Meet the Correspondent: Marina Grechanik > Tel-Aviv, Israel$show=/search/label/Marina%20Grechanik

"Sketching is one of my passions. I don't feel comfortable when I leave home without a sketchbook and some pens in my bag. I think that my way to put things in my memory is to draw them. And taking pictures isn't the same thing.

I live in a very dynamic surrounding — Israel is a warm country with warm weather and warm people. Of course, we have seashores, which calm us a little bit. I love to sit in a corner of some Tel-Aviv coffee shop and explore relationships: between people, their environment, between myself. All this unique local mix of cultures, languages and styles is always a great source for inspiration. You need to be fast, because, as I said, everything is very dynamic. But that's why I love it so much.

Sometimes, I look around, and I find some usual items like sugar bags or napkins. I use them in my drawings to show the atmosphere. Sometimes I draw directly on placemats."

• Marina's art on Flickr.
• Marina's website.

Meet the Correspondent: Tina Koyama > Seattle$show=/search/label/tina%20koyama

"The dictionary says that a hobby is “an activity or interest pursued for pleasure or relaxation.” Although urban sketching certainly provides both pleasure and relaxation, I don’t think of it as my hobby. I think of it more as a way of life – something that has become such a normal part of my everydayness that it shapes how I view the world.

For most of my life I had both the fear of drawing as well as the desire to draw. In 2011, inspired by Gabi Campanario’s Seattle Sketcher column, I finally decided to overcome the fear. His drawings of Seattle – my birthplace and lifelong home – were of sights that I had seen many times, yet had never truly seen. I wanted to learn to see, and therefore experience, those locations (and any new ones that I travel to) more completely. Part 8 of the Urban Sketchers Manifesto, to “show the world, one drawing at a time,” has a flip side: Sketching enables me to see my own world, one drawing at a time.

In the last four years, it is not an exaggeration to say that Urban Sketchers has changed my life. I have met and sketched with many wonderful people around the globe, either at symposiums or during other travel, because the USk network brought us together. I sketch almost weekly with my local group, sharing sketches, art supplies and friendship. Even when I stay home and enjoy sketches online, I am still a part of that rich network, learning with every sketch about other people’s lives.

In May, my husband Greg and I went to France for the first time, and I sketched the Eiffel Tower. Sketching one of the world’s most famous icons felt like a dream come true – the ultimate in urban sketching. But although I can’t resist sketching world-famous icons whenever I’m fortunate enough to see them, for me, urban sketching is much more than that.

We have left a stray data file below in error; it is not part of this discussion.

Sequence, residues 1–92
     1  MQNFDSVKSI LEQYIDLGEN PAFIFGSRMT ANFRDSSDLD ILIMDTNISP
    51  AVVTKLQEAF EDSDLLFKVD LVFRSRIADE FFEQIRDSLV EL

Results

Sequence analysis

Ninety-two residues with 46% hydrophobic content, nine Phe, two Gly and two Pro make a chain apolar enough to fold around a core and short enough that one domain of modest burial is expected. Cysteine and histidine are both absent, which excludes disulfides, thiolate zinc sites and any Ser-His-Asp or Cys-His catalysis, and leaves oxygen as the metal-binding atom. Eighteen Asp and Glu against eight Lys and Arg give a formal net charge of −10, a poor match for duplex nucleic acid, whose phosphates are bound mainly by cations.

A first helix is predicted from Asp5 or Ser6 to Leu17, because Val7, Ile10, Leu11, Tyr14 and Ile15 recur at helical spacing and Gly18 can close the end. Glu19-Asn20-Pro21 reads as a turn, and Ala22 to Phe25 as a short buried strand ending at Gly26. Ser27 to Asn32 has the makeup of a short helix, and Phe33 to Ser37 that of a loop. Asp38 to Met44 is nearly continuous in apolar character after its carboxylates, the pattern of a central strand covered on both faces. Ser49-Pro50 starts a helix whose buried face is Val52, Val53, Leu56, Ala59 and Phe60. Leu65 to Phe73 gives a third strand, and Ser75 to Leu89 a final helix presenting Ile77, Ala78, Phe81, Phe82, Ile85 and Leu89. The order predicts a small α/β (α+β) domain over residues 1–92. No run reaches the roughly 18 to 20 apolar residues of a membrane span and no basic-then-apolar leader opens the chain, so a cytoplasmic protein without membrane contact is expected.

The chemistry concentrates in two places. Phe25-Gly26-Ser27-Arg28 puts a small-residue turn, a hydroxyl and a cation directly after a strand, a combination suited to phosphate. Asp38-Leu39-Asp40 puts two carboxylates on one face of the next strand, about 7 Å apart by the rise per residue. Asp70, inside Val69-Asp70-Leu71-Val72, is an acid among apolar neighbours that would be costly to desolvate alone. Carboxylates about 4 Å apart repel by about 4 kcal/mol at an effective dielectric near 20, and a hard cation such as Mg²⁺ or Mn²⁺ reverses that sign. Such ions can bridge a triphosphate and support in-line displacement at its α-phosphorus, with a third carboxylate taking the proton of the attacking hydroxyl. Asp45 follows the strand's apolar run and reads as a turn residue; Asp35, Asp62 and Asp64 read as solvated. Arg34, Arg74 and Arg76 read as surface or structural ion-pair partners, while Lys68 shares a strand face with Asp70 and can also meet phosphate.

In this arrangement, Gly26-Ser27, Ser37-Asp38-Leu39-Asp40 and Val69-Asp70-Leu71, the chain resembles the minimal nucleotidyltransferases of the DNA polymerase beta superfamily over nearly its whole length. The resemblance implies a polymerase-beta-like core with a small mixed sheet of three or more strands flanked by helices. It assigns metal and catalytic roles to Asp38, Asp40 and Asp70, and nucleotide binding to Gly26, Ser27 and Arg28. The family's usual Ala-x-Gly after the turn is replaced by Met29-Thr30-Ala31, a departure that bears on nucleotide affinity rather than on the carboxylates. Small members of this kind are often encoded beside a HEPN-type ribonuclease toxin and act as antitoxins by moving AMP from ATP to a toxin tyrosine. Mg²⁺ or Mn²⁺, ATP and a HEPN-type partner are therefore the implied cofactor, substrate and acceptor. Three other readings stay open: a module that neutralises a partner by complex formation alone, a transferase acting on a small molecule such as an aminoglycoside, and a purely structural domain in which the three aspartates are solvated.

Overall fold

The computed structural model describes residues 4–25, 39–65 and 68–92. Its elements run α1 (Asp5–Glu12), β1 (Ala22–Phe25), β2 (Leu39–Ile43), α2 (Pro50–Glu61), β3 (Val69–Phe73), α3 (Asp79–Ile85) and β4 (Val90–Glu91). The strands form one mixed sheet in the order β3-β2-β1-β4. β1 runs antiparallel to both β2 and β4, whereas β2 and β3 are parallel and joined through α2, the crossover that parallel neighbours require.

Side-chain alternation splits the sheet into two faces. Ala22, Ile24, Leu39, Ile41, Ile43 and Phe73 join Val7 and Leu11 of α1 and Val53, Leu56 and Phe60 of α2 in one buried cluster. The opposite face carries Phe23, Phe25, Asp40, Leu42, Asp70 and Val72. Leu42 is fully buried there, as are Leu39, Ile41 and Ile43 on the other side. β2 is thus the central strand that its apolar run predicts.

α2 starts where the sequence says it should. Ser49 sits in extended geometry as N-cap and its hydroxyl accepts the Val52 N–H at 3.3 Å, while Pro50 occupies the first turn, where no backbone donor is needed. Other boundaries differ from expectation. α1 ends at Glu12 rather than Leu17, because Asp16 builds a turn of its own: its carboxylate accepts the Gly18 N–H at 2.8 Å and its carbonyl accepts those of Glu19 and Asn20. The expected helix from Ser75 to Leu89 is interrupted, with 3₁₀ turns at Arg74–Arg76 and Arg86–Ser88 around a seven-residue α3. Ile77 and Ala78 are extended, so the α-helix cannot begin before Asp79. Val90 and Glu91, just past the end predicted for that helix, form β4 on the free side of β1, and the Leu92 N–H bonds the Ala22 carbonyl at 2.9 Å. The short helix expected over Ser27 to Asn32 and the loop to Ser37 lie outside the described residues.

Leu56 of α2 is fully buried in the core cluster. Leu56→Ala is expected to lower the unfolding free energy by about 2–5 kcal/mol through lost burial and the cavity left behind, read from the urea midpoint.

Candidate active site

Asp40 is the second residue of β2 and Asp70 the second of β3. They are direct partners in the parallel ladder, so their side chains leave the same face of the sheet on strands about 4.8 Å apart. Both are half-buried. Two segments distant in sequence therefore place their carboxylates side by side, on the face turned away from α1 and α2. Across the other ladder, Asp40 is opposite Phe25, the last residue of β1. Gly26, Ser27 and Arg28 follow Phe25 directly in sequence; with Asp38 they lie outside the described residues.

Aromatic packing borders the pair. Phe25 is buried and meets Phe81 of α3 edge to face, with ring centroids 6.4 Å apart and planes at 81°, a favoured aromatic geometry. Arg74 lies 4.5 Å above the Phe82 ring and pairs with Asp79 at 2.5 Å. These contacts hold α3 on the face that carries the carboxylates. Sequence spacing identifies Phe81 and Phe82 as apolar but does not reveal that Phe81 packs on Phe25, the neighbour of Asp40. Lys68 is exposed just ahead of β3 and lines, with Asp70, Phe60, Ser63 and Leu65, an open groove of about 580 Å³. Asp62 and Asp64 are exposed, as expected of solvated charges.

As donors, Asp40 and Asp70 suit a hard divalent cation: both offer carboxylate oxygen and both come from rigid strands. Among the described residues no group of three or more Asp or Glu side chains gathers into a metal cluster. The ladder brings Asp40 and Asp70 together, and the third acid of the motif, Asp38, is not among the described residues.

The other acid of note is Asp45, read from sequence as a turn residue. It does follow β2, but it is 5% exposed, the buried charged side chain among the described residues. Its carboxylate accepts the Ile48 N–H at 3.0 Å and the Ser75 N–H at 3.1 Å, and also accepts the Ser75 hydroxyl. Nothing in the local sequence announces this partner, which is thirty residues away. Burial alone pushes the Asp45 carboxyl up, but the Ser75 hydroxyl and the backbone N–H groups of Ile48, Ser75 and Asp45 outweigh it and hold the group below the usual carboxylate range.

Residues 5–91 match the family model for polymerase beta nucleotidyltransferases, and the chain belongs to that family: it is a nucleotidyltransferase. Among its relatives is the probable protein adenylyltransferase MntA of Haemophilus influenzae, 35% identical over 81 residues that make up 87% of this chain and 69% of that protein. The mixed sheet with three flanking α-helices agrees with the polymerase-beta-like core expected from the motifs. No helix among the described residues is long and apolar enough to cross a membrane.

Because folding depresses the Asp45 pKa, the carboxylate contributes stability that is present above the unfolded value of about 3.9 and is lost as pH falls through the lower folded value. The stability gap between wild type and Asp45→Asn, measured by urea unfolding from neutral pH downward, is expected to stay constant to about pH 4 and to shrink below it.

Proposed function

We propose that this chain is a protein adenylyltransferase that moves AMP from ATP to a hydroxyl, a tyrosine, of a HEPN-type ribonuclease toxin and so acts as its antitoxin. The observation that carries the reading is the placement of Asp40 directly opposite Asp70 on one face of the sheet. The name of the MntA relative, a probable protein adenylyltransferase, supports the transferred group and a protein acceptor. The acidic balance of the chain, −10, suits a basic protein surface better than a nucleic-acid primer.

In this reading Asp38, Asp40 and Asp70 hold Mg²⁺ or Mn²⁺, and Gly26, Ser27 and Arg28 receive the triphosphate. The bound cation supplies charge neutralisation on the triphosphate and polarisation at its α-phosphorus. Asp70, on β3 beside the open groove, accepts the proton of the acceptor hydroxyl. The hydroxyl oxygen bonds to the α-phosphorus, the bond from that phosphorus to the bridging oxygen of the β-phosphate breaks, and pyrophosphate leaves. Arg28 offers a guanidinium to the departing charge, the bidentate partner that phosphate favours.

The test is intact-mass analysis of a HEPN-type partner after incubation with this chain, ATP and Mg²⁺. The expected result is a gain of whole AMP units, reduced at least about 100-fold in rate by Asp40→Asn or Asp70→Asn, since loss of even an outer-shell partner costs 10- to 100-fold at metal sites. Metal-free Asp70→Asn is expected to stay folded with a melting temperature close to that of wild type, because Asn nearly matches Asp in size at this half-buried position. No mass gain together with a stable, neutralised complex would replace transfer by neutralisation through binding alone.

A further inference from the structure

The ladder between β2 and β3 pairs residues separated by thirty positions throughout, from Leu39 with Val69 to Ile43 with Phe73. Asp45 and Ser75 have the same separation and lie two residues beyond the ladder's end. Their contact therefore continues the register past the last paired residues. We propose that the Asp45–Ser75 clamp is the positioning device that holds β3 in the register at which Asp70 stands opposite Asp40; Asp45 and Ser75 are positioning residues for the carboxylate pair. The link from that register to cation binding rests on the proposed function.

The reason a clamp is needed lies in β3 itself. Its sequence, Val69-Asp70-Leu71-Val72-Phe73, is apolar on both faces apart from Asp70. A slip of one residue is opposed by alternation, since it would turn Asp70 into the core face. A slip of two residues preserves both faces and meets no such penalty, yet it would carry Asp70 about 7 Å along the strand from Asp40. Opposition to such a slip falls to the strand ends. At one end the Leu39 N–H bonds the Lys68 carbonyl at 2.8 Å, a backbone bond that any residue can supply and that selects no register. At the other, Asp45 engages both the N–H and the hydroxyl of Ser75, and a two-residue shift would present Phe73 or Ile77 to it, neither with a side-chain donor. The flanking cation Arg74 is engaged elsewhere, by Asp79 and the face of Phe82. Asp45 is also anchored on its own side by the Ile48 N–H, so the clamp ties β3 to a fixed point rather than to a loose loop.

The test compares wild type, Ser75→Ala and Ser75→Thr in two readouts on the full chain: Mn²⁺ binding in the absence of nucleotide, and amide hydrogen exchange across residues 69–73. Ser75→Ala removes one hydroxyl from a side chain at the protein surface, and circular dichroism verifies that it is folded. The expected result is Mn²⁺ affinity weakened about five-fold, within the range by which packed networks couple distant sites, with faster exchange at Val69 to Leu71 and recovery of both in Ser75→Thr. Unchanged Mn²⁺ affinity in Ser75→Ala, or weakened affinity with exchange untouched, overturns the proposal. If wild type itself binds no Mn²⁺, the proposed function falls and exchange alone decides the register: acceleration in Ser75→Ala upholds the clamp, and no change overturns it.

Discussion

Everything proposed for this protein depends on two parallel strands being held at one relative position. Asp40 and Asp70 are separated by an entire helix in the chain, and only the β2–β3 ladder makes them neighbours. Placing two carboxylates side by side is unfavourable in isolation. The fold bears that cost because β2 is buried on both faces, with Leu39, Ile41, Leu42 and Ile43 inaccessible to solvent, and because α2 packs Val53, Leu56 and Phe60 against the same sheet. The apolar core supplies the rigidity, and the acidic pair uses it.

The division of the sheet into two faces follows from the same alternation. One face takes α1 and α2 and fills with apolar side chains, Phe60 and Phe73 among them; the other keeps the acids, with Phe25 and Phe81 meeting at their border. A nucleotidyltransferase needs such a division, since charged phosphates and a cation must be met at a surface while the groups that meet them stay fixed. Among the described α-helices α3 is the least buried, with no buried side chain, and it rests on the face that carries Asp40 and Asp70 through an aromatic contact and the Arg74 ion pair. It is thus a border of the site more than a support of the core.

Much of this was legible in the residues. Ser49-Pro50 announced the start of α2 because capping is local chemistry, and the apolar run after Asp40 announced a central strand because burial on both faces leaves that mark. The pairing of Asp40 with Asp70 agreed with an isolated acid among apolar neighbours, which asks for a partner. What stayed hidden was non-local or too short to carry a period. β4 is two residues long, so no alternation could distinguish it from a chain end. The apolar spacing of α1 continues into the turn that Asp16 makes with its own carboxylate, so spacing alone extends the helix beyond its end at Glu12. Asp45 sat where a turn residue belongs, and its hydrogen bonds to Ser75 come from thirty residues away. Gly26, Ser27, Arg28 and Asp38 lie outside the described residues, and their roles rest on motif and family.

Urban sketching is a tree with its middle chopped away to accommodate Seattle’s ubiquitous power lines. It’s about a couple of women chatting over coffee, or about workers roofing the house next door. It’s about an excavator filling a hole where a cherry tree once stood. Or the Tibetan monastery I drive by frequently that I couldn’t resist because it’s bright orange. Urban sketching is a string band performing at a local farmers’ market – or perhaps in Villefranche-sur-Mer.

Celebrating the mundane as well as the famous is what urban sketching is all about. My sketches are not necessarily about “special” moments; they are moments made special because I sketched them."

Tina has been editor of Drawing Attention since 2013 and now serves on the Urban Sketchers editorial board. See more of her sketches on her blog, on Flickr and on Instagram.

Meet the Correspondent: Pete Scully > Davis, Calif.$show=/search/label/Pete%20Scully

"I am from urban north London, but now live in urbane Davis California. I sketch, I write, sometimes do things and go places and my name is Pete.

When not Davis, I sketch Sacramento, San Francisco, London, or anywhere else I happen to be. I tend to erase people and cars from my cities, but I'm starting to get over this.

Davis: calm, old-fashioned, progressive, quirky, very very hot in the summer. I use micron and copic pens, with watercolour."

• Pete's blog.
• Pete's art on Flickr.

Meet the Correspondent: Suhita Shirodkar > San Jose, Calif.$show=/search/label/Suhita%20Shirodkar

"I was born in Mumbai (Bombay) and lived in different parts of India until I moved to San Jose, California, where I now live.

Travel inspires my art, but, traveling or not, I try to view the world around me as a traveller would; so whether I’m capturing a moment of calm on the banks of the Ganges in India, or sketching over coffee at my local coffee shop, I aim to look deeply, and with wonder, at both the everyday and the exotic, the old and the new.

I love color. My sketch kit consists of Extra Fine Sharpies (the fact that they bleed into the paper as soon as they touch it works really well for me—it forces me to work super-quick), a small set of Prismacolor pencils and a little watercolor travel set".